PRAGUE (Sep. 3)
Leaders of the Roman Catholic Church and representatives of world Jewry have gathered here for a long-postponed conference that will discuss the Holocaust and the resurgence of anti-Semitism in Europe in the post-communist era.
The conference, which opened Monday, was preceded by a joint visit to the site of the Theresienstadt concentration camp.
Catholics and Jews stood in silence before a memorial to the tens of thousand of victims of the Holocaust who perished in the camp or were taken by the Nazis from there to gas chambers in Poland.
After the visitors recited Kaddish in their memory, Psalm 130 was read in Hebrew by Father Marcel Dubois of Jerusalem, a Catholic member of the International Liaison Committee.
The Catholic-Jewish meeting is the first of its kind in three years.
Contacts between the Vatican Secretariat on Religious Relations With the Jews and the International Jewish Committee on Interreligious Consultations were suspended for three years because of dissension over the Carmelite convent at Auschwitz.
But the conference here opened Monday in an atmosphere of good will and mutual understanding.
Presiding were Archbishop Edward Cassidy of the Vatican Secretariat and Seymour Reich, chairman of IJCIC, which serves as world Jewry’s official liaison with the Vatican.
Opening addresses were delivered by Bishop Pierre Duprey of the Vatican delegation and by Rabbi Jack Bemporad, interreligious affairs chairman of the Synagogue Council of America.
Both faiths have brought scholars and experts from North and South America, Western and Eastern Europe, and Israel to examine the history of anti-Semitism, the Holocaust and the role of the Catholic Church.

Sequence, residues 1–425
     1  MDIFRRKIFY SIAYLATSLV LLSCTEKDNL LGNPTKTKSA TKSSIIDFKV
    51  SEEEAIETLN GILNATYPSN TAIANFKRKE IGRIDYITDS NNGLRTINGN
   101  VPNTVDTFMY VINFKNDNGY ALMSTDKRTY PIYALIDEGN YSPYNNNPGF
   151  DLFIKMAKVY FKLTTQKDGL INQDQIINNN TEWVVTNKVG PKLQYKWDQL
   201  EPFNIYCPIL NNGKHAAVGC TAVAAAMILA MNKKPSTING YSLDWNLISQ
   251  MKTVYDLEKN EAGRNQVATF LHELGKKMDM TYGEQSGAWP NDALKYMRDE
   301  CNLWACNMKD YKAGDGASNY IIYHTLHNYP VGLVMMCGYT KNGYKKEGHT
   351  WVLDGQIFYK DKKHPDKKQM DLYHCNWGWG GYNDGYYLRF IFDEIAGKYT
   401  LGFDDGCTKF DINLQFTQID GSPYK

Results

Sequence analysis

‘WE MUST WORK TOGETHER’
They expect to produce a common document at the conclusion of the four-day meeting that will constitute an action program by the church to combat anti-Semitism, especially in Eastern Europe, where the Vatican has regained a strong influence in the wake of the demise of communism.
In his opening address, Cassidy said, “I am convinced that we cannot speak simply of Christian anti-Semitism, because in themselves, the New Testament and Christianity are not anti-Semitic.
“Nevertheless, as the Second Vatican Council pointed out to all members of the church, we must work together to eliminate all forms of anti-Semitism, objectively examining the historical events and ideological roots of this abhorrent phenomenon.”
Reich credited the Roman Catholic Church with the possibility of playing “a very salutary role in promoting understanding and respect between national and ethnic groups.”
“The Jewish community is gratified that some preliminary steps have been taken by Catholic leaders,” he said, “to unequivocally denounce and actively discourage this trend” of growing anti-Semitism.